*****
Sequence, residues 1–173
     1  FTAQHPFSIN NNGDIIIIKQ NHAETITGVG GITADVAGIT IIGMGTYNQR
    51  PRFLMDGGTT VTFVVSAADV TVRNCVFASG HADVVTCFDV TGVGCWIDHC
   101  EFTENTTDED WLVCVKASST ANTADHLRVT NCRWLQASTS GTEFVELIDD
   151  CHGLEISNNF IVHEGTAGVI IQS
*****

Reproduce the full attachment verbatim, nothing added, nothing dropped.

Sequence, residues 1–173
     1  FTAQHPFSIN NNGDIIIIKQ NHAETITGVG GITADVAGIT IIGMGTYNQR
    51  PRFLMDGGTT VTFVVSAADV TVRNCVFASG HADVVTCFDV TGVGCWIDHC
   101  EFTENTTDED WLVCVKASST ANTADHLRVT NCRWLQASTS GTEFVELIDD
   151  CHGLEISNNF IVHEGTAGVI IQS